One problem with the net, is that you cant find everything that you want to. In the specific matter with a quick search, the only link that i could find was indeed that from a Greek website. And there others too if you google it, and they are even more not so scientific. I first read it on a paper though. And i think it is natural that most of the resources would be included in Greek websites, and many of them wouldnt even have an English translation. Because the excavation there was made by Greek archaiologists. And if someone, the main archaiologist for example, would write a book about it, it would have to be published outside of Greece also, something that doesnt always happen, in order to find information about it on the net, in English websites.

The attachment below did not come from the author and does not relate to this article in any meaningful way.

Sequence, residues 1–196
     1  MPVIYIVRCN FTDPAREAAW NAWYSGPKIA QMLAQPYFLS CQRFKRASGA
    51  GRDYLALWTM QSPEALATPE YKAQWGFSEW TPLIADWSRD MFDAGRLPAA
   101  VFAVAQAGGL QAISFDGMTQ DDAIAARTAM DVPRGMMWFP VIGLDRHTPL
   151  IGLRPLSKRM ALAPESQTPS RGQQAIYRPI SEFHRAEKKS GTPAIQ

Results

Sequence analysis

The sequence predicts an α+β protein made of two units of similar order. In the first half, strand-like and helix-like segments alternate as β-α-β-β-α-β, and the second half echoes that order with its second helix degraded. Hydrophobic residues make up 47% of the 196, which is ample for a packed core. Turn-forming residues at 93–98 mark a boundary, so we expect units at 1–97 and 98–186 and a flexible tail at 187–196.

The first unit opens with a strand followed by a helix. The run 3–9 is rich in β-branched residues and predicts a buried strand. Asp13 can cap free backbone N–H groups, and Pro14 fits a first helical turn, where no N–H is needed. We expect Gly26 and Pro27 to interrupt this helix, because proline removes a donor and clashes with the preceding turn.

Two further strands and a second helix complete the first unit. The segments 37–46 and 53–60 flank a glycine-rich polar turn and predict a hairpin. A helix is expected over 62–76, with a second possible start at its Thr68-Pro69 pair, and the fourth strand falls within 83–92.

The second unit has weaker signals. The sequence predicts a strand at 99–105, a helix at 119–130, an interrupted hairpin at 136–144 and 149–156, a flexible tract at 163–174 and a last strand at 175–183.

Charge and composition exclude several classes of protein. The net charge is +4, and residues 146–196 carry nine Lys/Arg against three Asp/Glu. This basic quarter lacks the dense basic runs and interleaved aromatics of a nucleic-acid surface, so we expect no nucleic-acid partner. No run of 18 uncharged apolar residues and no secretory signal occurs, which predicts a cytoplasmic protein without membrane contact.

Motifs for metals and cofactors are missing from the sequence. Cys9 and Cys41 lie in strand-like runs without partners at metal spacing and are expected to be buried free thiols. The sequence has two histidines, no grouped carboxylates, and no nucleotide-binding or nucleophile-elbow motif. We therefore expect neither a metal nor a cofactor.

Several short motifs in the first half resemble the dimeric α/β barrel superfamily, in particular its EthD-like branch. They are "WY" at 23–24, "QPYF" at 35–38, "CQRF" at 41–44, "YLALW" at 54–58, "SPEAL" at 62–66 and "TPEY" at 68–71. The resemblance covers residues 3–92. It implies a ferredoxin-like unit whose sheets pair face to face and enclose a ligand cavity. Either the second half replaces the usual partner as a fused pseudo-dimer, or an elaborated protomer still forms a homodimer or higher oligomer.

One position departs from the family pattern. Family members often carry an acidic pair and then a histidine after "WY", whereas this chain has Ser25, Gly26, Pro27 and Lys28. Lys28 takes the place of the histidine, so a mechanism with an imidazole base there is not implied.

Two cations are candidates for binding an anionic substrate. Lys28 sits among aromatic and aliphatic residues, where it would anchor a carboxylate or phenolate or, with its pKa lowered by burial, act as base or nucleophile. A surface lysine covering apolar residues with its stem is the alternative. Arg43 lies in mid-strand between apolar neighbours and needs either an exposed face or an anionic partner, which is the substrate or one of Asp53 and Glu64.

One big source of information are the yearly editions of the Greek archaiological bulletin, a big book, that i have access to due to my work, and it's in English too. But i dont think you could find these books on the net. Some days ago i was searching for information on the net for a very specific matter, about the eleusinean mysteries and ritual, for which i have a book that has a lot of information, but couldnt find anything similar on the net. For some things the resources are yet limited on the internet.

The only solution would be to scan pages from books e.t.c. And those books that are in English too, otherwise you couldnt understand much from a Greek only book.

You see, you are right about doubting the souce of information from websites like this, but it's the only links i could provide right now. I think i'll get myself a scanner, now that they are cheaper.

P.S smitty, i am glad you find it entertaining.
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Theseus
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Post by Theseus »